Higher habitual nuts consumption is associated with better cognitive function among qatari adults
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The association between nuts intake and cognitive function is inconclusive. We aimed to investigate the association between habitual nuts consumption and cognition among Qatari adults. Data from 1000 participants aged >20 years who attended Qatar Biobank (QBB) were used. Nuts consumption was assessed by a food frequency questionnaire (FFQ). Blood samples were measured for magnesium, lipids and glucose. Mean reaction time (MRT) was used as an indicator of cognitive function. Linear regression was used to assess the association. A total of 21.1% of the participants reported consuming nuts ≥4–6 times/week (high consumption) while 40.2% reported consuming ≤1 time/month (low consumption). The mean MRT was 715.6 milliseconds (SD 204.1). An inverse association was found between nuts consumption and MRT. Compared to those with a low consumption, high consumption of nuts had a regression coefficient of −36.9 (95% CI −68.1 to −5.8) after adjusting for sociodemographic and lifestyle factors. The inverse association between nuts and MRT was mainly seen among those >50 years. There was an interaction between nuts consumption and hypertension. The association between nuts consumption and MRT was not mediated by hypertension, diabetes, or serum magnesium. Habitual higher consumption of nuts is positively associated with cognitive function, especially among old adults.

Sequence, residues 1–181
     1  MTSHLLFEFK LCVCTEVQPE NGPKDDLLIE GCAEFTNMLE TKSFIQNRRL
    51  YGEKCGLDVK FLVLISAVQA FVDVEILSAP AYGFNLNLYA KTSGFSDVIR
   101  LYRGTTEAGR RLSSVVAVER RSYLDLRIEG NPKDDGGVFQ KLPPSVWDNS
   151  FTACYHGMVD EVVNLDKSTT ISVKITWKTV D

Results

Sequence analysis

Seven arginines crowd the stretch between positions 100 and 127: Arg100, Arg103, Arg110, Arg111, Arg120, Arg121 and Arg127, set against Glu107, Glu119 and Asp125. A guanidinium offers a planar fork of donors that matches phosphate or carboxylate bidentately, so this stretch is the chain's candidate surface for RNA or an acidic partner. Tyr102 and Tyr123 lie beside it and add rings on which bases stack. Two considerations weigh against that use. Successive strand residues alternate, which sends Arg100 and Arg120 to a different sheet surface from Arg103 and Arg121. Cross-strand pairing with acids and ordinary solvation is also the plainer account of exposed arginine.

- Human Nutrition [327 items ]